The U.S. Treasury has fewer tools than it did last summer to stave off a debt default if Congress does not raise the government's borrowing limit before year-end, a report said on Tuesday.
The looming deadline further complicates Washington's efforts to deal with the "fiscal cliff" of government spending cuts and tax rises due to be implemented in early 2013 that economists fear could tip the economy back into recession.
It is unclear whether Congress will be able to raise the debt ceiling before the end of the year, though top Democratic Senator Harry Reid said on Tuesday that the higher debt limit would have to be part of a deal to avoid the fiscal cliff.
Democrats "would be somewhat foolish to work out something on stopping us from going over the cliff," without raising the debt ceiling as part of that bargain, Reid told reporters.
The United States is on track to hit the $16.4 trillion legal limit on its debt in the last week of December with big payments due New Year's Eve, including for the Social Security and Medicare trust funds, according to an analysis from the Bipartisan Policy Center.
Although the Treasury has the power to shift certain funds around in order to pay crucial bills such as the interest on U.S. debt, those measures will not buy as much time as they did last summer, when battles over raising the limit pushed the United States to the brink of a debt default, according to the report.
"If the debt limit is not increased as part of (this year's) negotiations, policymakers will be left with only a matter of weeks to ensure that all federal financial obligations continue to be met in full and on time," the think tank concluded after analyzing the Treasury's daily and monthly cash flows.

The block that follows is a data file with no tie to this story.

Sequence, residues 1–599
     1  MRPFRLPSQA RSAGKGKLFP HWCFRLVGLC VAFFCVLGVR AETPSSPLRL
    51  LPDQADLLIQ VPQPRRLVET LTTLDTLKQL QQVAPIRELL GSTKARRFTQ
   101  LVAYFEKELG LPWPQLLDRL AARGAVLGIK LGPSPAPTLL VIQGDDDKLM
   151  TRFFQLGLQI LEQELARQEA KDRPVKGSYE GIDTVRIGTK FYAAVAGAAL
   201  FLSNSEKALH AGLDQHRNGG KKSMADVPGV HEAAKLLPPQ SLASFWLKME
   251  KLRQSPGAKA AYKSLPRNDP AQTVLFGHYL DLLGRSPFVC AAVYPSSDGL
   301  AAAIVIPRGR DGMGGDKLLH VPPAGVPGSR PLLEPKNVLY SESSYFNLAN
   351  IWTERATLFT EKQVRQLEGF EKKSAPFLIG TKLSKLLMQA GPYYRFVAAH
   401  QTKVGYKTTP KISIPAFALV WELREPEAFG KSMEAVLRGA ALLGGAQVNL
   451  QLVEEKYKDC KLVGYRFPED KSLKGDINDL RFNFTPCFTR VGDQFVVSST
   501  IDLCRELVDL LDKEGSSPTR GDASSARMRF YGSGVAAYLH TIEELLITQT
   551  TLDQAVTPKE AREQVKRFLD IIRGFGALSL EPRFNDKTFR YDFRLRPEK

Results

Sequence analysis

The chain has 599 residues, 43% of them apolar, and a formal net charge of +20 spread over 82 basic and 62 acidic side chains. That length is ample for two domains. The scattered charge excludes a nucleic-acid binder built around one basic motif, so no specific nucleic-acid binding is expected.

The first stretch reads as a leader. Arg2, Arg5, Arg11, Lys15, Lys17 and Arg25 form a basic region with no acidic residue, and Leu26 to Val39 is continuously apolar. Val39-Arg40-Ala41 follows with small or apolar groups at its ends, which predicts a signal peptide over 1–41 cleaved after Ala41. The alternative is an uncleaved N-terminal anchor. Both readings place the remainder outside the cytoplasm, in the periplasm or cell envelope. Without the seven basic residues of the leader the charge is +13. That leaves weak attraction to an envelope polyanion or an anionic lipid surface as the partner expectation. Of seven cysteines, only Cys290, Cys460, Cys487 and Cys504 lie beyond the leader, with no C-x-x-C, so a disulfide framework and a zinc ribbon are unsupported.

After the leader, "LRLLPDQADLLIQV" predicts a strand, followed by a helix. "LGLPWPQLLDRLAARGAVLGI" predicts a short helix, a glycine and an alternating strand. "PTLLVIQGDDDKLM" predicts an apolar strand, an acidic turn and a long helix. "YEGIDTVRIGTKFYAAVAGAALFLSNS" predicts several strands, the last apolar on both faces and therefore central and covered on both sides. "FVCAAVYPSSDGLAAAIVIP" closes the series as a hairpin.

In 2011, the Treasury's tools, which include temporarily dipping into government retirement trust funds, lasted roughly three months, from May until early August.
This time, those measures will only last four to eight weeks, or until sometime in February, because one of the funds relied on in 2011 is not available and government expenses typically spike in February on tax refunds.
2011 DEBT LIMIT FIGHT TO COST $19 BLN-REPORT
The Bipartisan Policy Center report estimates that the 10-year cost to taxpayers caused by 2011's debt limit delay will amount to $18.9 billion due to elevated interest rates and because many of the bonds issued during the stand-off remain outstanding.
As part of the deal to raise the debt ceiling last year, Congress and the Obama administration agreed to reduce government spending by $1.2 trillion over the next decade, with the bulk of the cuts coming from the Defense Department.
Those cuts, known as sequesters, along with the $500 billion in tax cuts that are about to expire December 31, comprise the "fiscal cliff" - looming austerity measures that may slow economic growth and that have rattled financial markets.
Lawmakers and the Obama administration have only started trying to hammer out a solution and are deeply divided on how to handle the expiring tax cuts.
President Barack Obama wants the tax breaks for the wealthiest to expire. Republicans oppose a higher tax rate and want Democrats to reduce the budget deficit in part by reforming big government programs, like Social Security and Medicare.
While it is essential Congress and the Obama administration confront the debt ceiling soon, lawmakers are primarily focused on the tax hikes and sequesters.
"A failure to reach a timely agreement this time around could impose even heavier economic and financial costs," Federal Reserve Chairman Ben Bernanke told the Economic Club of New York last week.
"As you will recall, the threat of a default in the summer of 2011 fueled economic uncertainty and badly damaged confidence, even though an agreement ultimately was reached," he said.
The Bipartisan Policy Center, founded in 2007 by former Senate Majority Leaders Howard Baker, Tom Daschle, Bob Dole and George Mitchell, "drives principled solutions through rigorous analysis, reasoned negotiation, and respectful dialogue," according to its website. (Reporting by Rachelle Younglai; Editing by Dan Grebler)
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